Hvar Town
Lavender fields in Hvar

Hvar is a sun-soaked island that’s a favorite among international jet setters. It’s one of the best places to visit in Croatia if you’re looking for a party in the summer, with world-class restaurants and buzzing nightlife drawing many rich and famous, but visitors of all types will find something to love. The landscapes are breathtaking, with beautiful beaches edging clear aquamarine water for swimming, while inland areas feature lavender-, olive tree-, and vineyard-covered hills. There are numerous historic sites too, including the early 17th century Cathedral of St. Stephen and the oldest community theater in Europe which opened its doors in 1612. From the medieval hilltop fortress, soak up a panoramic view of the town, harbor, and nearby islands.


Korcula Old Town
Korcula Old Town streets

Korcula may be a small island but it packs a punch with natural beauty that includes dense forest and sandy beaches. The alleged birthplace of famous international explorer Marco Polo you can learn more about its past with a visit to Old Town Korcula. Sometimes referred to as a “mini-Dubrovnik” it’s surrounded by 13th-century stone walls with gates and towers while the labyrinth of atmospheric streets and narrow alleyways reveal significant Venetian influence. Notice the winged lions on St. Mark’s Cathedral, built over the 15th and 16th centuries in Gothic-Renaissance style by Italian and local artisans. You’ll find many little independently owned shops, galleries, and outstanding eateries serving traditional fare, while Moreska sword dance performances take place in the summer.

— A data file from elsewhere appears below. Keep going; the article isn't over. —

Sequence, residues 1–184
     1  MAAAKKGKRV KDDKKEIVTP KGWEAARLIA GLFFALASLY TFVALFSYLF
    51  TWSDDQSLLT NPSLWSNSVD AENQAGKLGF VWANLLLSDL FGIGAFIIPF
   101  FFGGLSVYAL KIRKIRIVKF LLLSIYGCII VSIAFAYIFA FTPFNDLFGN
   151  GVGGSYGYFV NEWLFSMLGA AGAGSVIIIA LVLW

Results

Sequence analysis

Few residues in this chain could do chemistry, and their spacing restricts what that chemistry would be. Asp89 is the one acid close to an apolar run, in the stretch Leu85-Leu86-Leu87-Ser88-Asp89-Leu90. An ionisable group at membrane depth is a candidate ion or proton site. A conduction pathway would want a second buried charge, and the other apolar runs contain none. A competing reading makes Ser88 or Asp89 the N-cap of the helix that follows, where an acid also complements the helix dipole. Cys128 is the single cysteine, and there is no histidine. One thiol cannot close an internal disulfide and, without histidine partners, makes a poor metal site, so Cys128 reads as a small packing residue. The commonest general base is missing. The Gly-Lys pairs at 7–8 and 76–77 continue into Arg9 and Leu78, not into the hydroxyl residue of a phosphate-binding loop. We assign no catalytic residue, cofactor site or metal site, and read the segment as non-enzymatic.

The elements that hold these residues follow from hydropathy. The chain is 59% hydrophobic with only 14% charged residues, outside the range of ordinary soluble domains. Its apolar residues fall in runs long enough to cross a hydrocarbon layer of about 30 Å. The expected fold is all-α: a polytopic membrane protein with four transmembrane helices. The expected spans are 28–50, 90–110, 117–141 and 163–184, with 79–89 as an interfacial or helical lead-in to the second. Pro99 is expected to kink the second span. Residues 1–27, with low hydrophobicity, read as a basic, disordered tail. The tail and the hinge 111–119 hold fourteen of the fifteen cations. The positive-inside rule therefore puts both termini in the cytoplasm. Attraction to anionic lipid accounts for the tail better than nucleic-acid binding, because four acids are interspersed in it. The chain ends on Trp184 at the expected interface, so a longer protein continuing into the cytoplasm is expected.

Mljet National Park

Mljet National Park aerial view of saltwater lakes
View of Benedictine monastery in Mljet National Park